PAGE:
Officials in New York want to make it easier for people with electric vehicles to charge their cars by approving regulations this week meant to encourage charging during beneficial times for the power grid.

The changes approved by regulators at the Public Service Commission also come as New York is, over the long-term, working to phase out carbon fuels and transition to more renewable forms of energy in the coming decades.

"I am proud to say New York leads the nation in clean energy innovation to combat climate change and bring environmental justice to impacted communities," Gov. Kathy Hochul said. "Today's action brings us one step closer to a greener, emission-free future, and expand upon the benefits of electric vehicle ownership by providing added savings at a time when New Yorkers need it the most."

The switch from gas-powered vehicles to electric cars, however, will take a variety of changes to ensure there is enough energy to manage the heightened demand. That means making sure the infrastructure is in place to make it work.

Setting that in motion on Thursday was a move by the Public Service Commission to have utilities develop managed charging programs meant to provide customers with an alternatives to the "time-of-use" rates that are currently in place. That move is meant to make it more beneficial to charge vehicles during specific times to alleviate the burden on the grid.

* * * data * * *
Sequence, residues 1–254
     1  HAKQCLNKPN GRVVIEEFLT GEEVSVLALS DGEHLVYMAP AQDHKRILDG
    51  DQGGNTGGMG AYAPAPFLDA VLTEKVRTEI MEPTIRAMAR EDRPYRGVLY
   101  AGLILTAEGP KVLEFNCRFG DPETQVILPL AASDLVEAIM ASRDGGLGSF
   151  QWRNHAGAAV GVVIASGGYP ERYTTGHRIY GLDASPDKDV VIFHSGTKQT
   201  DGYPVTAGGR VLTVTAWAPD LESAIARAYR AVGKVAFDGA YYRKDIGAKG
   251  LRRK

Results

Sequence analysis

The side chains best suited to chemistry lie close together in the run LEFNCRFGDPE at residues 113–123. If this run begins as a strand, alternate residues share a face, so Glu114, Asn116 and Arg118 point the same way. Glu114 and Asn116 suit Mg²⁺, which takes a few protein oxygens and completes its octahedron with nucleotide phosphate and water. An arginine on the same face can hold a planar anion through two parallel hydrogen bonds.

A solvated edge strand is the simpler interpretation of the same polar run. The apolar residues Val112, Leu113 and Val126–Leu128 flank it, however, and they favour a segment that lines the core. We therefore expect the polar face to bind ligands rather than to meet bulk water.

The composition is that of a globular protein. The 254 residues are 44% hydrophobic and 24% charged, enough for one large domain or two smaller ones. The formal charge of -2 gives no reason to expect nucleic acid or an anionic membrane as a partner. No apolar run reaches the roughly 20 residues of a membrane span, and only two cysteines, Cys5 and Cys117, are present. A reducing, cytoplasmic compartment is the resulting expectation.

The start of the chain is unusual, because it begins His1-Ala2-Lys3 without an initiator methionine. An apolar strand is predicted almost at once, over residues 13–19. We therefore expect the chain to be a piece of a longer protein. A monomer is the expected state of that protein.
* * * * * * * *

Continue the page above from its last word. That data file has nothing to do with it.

At the same time, the Public Service Commission is advancing the EV Make-Ready program that will provide funding for electric vehicle infrastructure to build 50,000 new public and commercial Level 2 charging ports. Those ports are capable of charging at least twice as fast as a standard wall outlet.

Officials also want to encourage the adoption of these ports in low-income communities across the state.

"As the adoption of EVs increases throughout the State, well-designed EV managed charging programs will provide essential benefits to the utility and transportation sectors," said PSC Commission Rory Christian. "By providing EV drivers with incentives for beneficial charging behavior, along with resources that makes charging hassle-free, the managed charging programs will create a win-win for EV drivers in the form of lower fuel costs and the grid in the form of reduced infrastructure costs."